Follow the path of the Dixie Highway—in places now called Old Dixie Highway—through Palm Beach County:
North of Palm Beach County, Dixie Highway originally ran through Jonathan Dickinson State Park along the Florida East Coast Railway. Beginning at County Line Road and Old Dixie Highway in Tequesta, head south, bearing right onto Old Dixie Highway/FL 811/Alternate A1A.
South of the bridge over the Intracoastal Waterway, a second Old Dixie Highway begins west of the railroad and ends south of Jupiter Lakes Boulevard. This was where it first ran through northern Palm Beach County; remnants of pavement can still be seen along the west side of the tracks from Jupiter to North Palm Beach. After crossing the C-17 Canal, turn right on Richard Road, then left onto Old Dixie Highway west of the tracks.
Bear right at Park Avenue to return to FL 811/Alternate A1A, and continue as it becomes Greenwood Street at 45th Street, West Palm Beach. Turn left on 36th Street, then right onto Poinsettia Avenue/Dixie Highway and continue as it becomes U.S. 1/FL 805. Between Lake Worth and Lantana, Dixie merges with Federal Highway and crosses back to the east side of the railroad.
In south Boynton Beach, turn right onto Old Dixie Highway and continue south to north Delray Beach. Merge with Federal Highway/5th Avenue and continue south. Turn right on SE 10th Street, then left onto Dixie Highway/FL 811 before the railroad tracks. This road becomes Old Dixie Highway/Dixie Highway at Yamato Road in Boca Raton and leads out of Palm Beach County.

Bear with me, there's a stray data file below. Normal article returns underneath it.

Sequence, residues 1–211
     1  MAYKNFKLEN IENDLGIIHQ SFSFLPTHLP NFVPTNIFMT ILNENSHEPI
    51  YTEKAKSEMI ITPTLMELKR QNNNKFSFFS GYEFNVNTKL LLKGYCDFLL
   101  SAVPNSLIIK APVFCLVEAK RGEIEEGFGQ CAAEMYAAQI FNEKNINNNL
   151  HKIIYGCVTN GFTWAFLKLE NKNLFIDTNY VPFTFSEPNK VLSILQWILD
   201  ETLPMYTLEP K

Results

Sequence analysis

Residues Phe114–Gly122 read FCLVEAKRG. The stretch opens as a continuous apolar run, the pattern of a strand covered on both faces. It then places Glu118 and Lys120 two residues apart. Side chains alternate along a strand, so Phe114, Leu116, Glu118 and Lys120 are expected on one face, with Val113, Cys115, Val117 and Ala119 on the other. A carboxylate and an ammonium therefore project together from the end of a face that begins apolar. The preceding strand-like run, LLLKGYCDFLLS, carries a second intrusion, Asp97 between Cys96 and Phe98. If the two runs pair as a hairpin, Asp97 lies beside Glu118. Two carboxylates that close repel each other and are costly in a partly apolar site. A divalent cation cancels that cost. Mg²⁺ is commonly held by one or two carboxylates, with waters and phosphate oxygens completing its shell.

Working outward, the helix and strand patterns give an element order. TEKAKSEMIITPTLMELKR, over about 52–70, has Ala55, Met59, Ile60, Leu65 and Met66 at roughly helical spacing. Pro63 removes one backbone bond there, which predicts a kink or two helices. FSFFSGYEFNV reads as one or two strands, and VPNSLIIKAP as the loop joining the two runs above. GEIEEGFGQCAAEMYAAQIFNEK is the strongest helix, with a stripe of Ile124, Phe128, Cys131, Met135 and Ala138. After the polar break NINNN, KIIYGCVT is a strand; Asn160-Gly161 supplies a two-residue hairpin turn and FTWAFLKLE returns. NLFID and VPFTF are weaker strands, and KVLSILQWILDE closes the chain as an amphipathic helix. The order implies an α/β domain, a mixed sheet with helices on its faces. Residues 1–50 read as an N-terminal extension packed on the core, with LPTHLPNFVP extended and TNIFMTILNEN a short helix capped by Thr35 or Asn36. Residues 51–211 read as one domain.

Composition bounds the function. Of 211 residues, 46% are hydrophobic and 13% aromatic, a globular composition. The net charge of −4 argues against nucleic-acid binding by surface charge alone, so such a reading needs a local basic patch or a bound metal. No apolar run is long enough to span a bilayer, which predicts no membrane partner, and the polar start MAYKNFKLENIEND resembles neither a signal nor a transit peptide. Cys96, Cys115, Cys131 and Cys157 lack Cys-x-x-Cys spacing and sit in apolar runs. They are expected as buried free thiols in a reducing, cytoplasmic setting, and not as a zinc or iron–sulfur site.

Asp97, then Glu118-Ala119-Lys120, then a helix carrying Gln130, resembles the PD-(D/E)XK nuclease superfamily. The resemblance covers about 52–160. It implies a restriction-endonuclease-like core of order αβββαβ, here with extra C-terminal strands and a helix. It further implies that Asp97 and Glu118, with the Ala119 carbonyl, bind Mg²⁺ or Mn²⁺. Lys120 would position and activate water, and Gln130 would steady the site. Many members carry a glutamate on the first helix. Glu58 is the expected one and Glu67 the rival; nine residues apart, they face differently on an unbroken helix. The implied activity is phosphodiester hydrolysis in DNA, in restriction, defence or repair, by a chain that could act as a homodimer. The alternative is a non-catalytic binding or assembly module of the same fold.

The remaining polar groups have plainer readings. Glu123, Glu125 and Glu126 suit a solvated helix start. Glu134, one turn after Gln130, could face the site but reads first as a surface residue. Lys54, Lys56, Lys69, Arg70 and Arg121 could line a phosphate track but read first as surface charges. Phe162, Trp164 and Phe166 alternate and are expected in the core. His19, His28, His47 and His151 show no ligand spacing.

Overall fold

Rock for Roads: Ojus
A great deal of rock was needed to build roads during the boom era. As a 1914 state geological survey noted, “Companies producing limestone in 1913 included … Palm Beach County of West Palm Beach.” In 1914 Palm Beach County, under the federal Office of Roads, conducted experiments on Dixie Highway two miles south of West Palm Beach to determine the most durable material to use for road construction. The coralline rock mined from Fort Lauderdale was found to be softer and containing more sand than the rock mined at Ojus (Seminole for "lots of" and pronounced “o-juss”), just south of the present border of Broward and Miami-Dade counties. By 1917, in Palm Beach County 150 miles of roads were surfaced with ojus rock.